The Dan & Banister River Charts
Halifax County, Virginia

Milton Oliver's Mill Paces News Ferry Roger's Island South Boston Banister River Staunton River State Park Terry's Bridge Halifax Batteau Sluices Below Halifax Dam Banister Lake Meadville Concord Mill - Leda

The Dan River* is the major tributary of the Staunton and has three public boat landings in Halifax County and access at one bridge crossing, which divide the river into the following stretches:

1. Milton to Leggett’s Pace’s (14 miles, 4 hours)
2. Pace’s to South Boston (15 miles, 5-6 hours)
3. South Boston to Staunton River State Park (13 miles, 4-5 hours)

  *Of historical note, the Dan River was once incorrectly labled "Fitzwilliam" in the Moseley Map of 1733. This error came from the North Carolina faction of the 1728 survey of the Virginia-North Carolina border survey headed by Colonel William Byrd and of which Edward Moseley was one of the North Carolina commisioners. It is unknown why he labled the Dan River Fitzwilliam on his A New and Correct Map of the Province of North Carolina five years later and it is the Banister that is call Fitzwilliam on the commisioner's map.

   "There was a well-defined cleavage among the Virginia commisioners; Byrd, William Dandridge, and surveyor Mayo composing one faction, Fitz-William and Irvine the other. Fitz-William objected to the employment of as many men for the expedition as Byrd desired . ." After concilliation " The North Carolina commissioners, in recognition of his sympathy with their contentions, named on their map of the survey that tributary of the Dan now known as the Banister, Fitz-William River, while the Virginia commissioners, strange to say, left no tracing of the stream on their map, which was prepared by Surveyor Mayo."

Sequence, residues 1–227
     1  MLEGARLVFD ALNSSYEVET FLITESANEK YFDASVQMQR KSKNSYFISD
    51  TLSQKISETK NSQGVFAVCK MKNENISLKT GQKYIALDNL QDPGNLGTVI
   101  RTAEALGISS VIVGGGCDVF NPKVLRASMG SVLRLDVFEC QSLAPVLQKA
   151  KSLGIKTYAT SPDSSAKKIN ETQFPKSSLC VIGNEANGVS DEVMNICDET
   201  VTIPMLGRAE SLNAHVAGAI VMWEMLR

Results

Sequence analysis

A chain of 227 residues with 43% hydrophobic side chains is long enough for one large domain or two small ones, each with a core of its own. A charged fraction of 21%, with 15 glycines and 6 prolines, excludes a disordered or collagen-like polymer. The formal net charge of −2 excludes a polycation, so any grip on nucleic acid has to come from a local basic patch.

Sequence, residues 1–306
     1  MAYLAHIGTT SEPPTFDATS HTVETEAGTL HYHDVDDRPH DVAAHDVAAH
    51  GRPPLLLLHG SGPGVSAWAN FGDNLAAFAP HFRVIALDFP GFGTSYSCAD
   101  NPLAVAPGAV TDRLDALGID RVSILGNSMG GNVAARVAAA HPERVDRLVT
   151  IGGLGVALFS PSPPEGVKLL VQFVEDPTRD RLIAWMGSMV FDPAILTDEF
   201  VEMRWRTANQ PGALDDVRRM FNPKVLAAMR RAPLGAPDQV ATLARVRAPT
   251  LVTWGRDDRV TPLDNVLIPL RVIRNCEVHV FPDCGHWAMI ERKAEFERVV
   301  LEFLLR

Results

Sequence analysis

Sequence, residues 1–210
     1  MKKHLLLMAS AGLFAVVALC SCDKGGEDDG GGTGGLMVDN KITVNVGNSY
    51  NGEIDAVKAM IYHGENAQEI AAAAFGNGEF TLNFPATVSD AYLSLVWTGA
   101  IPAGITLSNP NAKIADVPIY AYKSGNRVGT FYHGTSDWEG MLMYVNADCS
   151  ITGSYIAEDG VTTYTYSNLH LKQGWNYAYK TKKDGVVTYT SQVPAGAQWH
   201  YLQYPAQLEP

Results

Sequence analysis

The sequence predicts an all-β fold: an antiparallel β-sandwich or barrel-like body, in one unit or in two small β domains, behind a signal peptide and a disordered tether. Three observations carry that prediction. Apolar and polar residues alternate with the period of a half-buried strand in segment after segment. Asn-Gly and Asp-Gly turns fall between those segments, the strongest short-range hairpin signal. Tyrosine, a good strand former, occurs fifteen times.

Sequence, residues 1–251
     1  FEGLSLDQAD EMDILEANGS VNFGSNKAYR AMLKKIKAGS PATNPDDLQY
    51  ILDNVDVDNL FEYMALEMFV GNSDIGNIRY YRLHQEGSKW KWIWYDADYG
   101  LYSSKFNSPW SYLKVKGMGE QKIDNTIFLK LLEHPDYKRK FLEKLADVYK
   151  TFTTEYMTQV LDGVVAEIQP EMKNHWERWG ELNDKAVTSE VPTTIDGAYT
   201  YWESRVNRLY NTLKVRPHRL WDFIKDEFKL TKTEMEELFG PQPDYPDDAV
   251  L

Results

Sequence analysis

The Banister and Hyco rivers are the two major tributaries which flow into the Dan in Halifax County, and each offers miles of paddling opportunities.

The Banister enters Halifax County from Pittsylvania near Hermosa, and has one public boat landing and four bridge crossings in the county, which make it possible to paddle the following stretches:

1. Mt. Airy to Leda (10 miles, 4-5 hours)
2. Leda to Meadville (6 miles, 2-3 hours)
3. Meadville to Halifax (10.5 miles, 5 hours)
4. Halifax to US 360 (5 miles, 2-3 hours)
5. US 360 to Wolftrap (3 miles, 1 - 1.5 hours)

The Hyco enters Halifax County from the southwest and is canoeable for 24 miles from Harmony to Buggs Island Lake, in the following stretches:

1. Harmony to US 501
2. US 501 to Hyco Road
3. Hyco Road to 738
4. 738 to US 58
5. US 58 to Bugg’s Island Lake

The third major tributary of the Dan is Aaron’s Creek, which is canoeable for eight miles before it merges into Bugg’s Island Lake. It has one boat landing and one bridge crossing access, making it possible to paddle Aaron’s Creek in two stretches:

1. Virgilina to US 58
2. US 58 to Bugg’s Island Lake

Charts created by Dr. William E. Trout, III, of the Virginia Canals & Navigations Society, and published in the DAN RIVER ATLAS, First Edition, 2003. This book can be purchased at the South Boston - Halifax County Museum of Fine Arts and History Gift Shop, the Dan River Basin Association, and VCNS.

Individual charts are planned to be added during the week of 11/24.

Related Links:
James River Batteau Festival
Virginia Canals & Navigations Society
Dan River Basin Association

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